This question gets asked A LOT (def one of the top 5). As the “old” second career guy (I started training at ATP when I was 39) I’m the one who most often fields it. The short answer is no, maybe, yes obviously depending on a) your age and b) your expectations for your career. The main thing you need to understand in all of this is airline pilots MUST retire at 65. Therefore the older you get, the less years you not only have to fly, but to advance. While in other careers you can possibly "climb the corporate ladder) based on your skill, smarts, hard work, social skills, back-stabbing or whatever, EVERYTHING at the airlines is based on SENIORITY. You cannot leapfrog or pass another pilot who is senior to you. NEVER. So let’s try and break this down by age adding a hypothetical 2.5 yrs for training and building time to get to a Regional (keep in mind there are no guarantees and your results may vary SIGNIFICANTLY in either direction):
Under 35: Congrats! You were smart enough to figure out this was what you wanted to do relatively early in life. You’ve got 30+ years you can fly which is plenty of time to climb up to the top of the seniority list. Those closer to 35 will never be Seniority #1 at the airline (ANY plane, any schedule, any days off you desire) but you could definitely be a Capt flying the heavy metal.
35-43: Little bit of a late bloomer but no worries. While you’ll never be #1 on the seniority list (and hold that perfect schedule) you should be able to achieve your goals whatever they may be.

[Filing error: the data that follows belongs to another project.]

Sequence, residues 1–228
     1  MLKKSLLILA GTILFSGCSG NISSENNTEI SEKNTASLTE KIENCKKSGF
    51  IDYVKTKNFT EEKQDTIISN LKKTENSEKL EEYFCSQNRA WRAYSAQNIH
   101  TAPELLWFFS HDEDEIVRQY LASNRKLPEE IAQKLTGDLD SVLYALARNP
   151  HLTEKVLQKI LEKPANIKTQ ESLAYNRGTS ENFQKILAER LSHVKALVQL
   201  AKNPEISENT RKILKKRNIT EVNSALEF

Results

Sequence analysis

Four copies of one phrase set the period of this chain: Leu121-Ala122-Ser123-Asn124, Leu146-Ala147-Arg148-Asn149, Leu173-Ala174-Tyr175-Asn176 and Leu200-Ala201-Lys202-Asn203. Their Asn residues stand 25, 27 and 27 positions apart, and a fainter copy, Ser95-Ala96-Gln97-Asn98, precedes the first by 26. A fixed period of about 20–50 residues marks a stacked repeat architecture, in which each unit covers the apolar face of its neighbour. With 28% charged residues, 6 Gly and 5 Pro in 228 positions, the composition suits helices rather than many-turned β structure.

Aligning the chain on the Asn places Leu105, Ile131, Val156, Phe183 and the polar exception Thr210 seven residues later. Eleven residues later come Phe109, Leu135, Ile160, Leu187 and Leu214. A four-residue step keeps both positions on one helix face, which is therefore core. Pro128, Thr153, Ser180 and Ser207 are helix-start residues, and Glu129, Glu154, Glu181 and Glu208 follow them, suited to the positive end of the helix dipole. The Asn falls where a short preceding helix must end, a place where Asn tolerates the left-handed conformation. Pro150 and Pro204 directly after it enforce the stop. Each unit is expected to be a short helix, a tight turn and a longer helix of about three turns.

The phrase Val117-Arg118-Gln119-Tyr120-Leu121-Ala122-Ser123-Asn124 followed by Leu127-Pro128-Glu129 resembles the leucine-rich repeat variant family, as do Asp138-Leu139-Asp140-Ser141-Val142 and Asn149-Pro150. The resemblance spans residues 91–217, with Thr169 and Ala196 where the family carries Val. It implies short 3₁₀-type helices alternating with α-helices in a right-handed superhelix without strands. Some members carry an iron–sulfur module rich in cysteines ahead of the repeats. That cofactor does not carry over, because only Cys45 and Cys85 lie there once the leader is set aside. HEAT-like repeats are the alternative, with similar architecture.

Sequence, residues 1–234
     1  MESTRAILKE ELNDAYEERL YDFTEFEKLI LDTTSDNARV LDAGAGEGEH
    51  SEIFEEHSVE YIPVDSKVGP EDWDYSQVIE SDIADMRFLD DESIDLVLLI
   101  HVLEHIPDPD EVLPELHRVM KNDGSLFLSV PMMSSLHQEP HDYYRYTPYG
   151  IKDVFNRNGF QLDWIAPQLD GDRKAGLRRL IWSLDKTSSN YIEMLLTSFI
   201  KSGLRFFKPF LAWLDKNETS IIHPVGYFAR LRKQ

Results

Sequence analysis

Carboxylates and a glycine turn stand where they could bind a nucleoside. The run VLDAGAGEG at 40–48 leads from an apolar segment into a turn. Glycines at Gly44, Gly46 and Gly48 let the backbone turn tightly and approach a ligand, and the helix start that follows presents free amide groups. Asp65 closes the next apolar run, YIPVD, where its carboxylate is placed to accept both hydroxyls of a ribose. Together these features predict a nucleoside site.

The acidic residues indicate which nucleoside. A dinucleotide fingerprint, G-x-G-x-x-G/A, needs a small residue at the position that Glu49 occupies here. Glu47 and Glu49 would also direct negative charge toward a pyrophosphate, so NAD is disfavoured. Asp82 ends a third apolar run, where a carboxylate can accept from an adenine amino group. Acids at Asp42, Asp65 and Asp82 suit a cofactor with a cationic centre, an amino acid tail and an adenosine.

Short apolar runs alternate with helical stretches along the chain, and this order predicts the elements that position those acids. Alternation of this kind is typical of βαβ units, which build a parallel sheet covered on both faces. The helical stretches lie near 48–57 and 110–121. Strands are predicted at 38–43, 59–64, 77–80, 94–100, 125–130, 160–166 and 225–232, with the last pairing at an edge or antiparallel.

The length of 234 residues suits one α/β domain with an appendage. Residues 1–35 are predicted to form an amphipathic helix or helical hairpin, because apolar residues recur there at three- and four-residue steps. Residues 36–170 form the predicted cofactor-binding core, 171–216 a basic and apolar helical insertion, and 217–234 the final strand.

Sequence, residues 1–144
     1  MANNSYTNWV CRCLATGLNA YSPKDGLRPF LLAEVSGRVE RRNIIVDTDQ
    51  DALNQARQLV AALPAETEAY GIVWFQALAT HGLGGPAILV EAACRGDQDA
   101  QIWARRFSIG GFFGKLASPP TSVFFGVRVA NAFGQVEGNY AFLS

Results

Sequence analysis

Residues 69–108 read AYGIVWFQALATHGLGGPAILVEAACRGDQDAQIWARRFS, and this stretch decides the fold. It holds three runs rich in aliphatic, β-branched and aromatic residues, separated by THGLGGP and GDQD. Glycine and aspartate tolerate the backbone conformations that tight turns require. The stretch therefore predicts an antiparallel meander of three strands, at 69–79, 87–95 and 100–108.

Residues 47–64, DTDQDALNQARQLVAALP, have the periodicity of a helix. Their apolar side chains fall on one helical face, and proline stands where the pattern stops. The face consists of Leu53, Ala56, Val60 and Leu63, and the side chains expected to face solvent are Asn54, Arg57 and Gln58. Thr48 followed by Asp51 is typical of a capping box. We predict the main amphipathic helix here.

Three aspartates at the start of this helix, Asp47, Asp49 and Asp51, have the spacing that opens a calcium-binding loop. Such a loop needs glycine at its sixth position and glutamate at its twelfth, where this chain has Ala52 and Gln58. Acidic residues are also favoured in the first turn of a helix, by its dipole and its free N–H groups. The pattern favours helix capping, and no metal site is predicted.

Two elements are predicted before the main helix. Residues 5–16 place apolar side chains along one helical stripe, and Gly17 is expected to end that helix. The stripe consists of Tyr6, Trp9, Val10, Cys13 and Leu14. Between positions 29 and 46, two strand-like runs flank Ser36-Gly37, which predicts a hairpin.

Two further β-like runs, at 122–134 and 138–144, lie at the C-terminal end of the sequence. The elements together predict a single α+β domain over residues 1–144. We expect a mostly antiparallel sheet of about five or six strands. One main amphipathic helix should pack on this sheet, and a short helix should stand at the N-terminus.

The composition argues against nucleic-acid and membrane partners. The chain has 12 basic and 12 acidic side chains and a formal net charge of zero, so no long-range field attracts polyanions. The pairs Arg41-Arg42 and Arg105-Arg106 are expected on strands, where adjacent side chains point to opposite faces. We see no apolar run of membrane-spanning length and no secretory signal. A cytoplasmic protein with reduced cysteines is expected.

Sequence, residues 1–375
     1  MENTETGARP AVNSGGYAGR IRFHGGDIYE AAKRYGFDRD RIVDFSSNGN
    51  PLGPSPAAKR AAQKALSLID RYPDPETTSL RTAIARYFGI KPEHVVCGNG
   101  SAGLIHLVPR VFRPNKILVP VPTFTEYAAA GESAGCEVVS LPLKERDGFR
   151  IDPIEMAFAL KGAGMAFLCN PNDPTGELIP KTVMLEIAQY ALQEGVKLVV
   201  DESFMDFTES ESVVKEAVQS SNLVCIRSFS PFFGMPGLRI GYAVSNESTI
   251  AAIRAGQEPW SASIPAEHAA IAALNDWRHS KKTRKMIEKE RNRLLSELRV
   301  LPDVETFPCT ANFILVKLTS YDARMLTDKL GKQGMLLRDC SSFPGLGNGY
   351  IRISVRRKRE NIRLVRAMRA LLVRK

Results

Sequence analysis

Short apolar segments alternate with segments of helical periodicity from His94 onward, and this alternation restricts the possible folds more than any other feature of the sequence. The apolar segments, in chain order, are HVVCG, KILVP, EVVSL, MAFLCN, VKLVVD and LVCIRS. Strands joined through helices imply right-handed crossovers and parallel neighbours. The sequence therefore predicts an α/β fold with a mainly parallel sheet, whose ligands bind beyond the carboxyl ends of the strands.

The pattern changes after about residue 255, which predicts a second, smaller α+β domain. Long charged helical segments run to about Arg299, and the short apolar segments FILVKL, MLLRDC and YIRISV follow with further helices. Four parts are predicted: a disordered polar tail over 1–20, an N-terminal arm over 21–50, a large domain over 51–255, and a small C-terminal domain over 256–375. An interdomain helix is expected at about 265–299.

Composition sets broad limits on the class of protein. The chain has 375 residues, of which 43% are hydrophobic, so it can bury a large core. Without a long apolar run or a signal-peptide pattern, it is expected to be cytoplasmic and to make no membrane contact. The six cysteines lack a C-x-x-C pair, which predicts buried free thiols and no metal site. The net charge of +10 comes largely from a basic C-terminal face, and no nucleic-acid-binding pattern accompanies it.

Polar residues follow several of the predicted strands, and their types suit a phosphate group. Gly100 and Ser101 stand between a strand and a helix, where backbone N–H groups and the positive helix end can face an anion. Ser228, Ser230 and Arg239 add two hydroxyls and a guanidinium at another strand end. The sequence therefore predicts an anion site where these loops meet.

44-48: Ok this is where we have to start managing our expectations. You could potentially make it to a Major but you will never be a 777 Capt flying to Tokyo. You could possibly be a widebody FO or you might even decide to just stay at your Regional. Be #1 on that list, maybe become a check pilot and have a very nice life.
50+: Hopefully you’re the guy (or gal) who maybe flew when you where younger or always had this desire to fly. You don’t need to make the big bucks or fly around the globe, you just want to spend your last years before retirement doing something you love. You probably won’t be going to a Major but that’s cool, those guys are all stuck up anyway!
As I said, none of this is written in stone but it will hopefully give you some food for thought. You see for me I had ZERO expectations when I started training and actually believed all that “you can be an airline pilot” was just marketing. The great thing about that is I’m incredibly thankful and consider myself extremely fortunate because it’s ALL gravy!